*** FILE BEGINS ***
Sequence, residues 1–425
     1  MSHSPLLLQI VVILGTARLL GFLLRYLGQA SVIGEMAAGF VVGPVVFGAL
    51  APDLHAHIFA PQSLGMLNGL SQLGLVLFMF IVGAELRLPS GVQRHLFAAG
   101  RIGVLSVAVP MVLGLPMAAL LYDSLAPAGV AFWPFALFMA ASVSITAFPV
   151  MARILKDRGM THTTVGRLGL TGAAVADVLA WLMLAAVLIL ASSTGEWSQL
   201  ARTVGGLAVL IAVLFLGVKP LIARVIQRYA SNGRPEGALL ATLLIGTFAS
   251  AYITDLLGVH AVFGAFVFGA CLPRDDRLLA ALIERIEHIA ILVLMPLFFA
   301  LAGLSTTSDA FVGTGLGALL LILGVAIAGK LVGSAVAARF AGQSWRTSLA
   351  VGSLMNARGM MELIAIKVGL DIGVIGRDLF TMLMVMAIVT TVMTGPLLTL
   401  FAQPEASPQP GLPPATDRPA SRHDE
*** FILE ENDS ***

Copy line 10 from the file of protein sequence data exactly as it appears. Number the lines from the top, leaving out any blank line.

   401  FAQPEASPQP GLPPATDRPA SRHDE